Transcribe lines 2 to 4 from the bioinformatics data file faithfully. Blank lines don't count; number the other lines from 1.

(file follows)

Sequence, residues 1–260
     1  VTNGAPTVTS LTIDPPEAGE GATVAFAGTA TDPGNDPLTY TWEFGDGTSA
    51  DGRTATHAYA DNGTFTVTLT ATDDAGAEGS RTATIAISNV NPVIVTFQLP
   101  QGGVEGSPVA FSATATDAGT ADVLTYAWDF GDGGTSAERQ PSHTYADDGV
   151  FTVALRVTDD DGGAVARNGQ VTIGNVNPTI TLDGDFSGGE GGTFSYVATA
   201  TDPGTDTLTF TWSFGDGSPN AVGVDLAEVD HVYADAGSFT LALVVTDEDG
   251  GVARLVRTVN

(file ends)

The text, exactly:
     1  VTNGAPTVTS LTIDPPEAGE GATVAFAGTA TDPGNDPLTY TWEFGDGTSA
    51  DGRTATHAYA DNGTFTVTLT ATDDAGAEGS RTATIAISNV NPVIVTFQLP
   101  QGGVEGSPVA FSATATDAGT ADVLTYAWDF GDGGTSAERQ PSHTYADDGV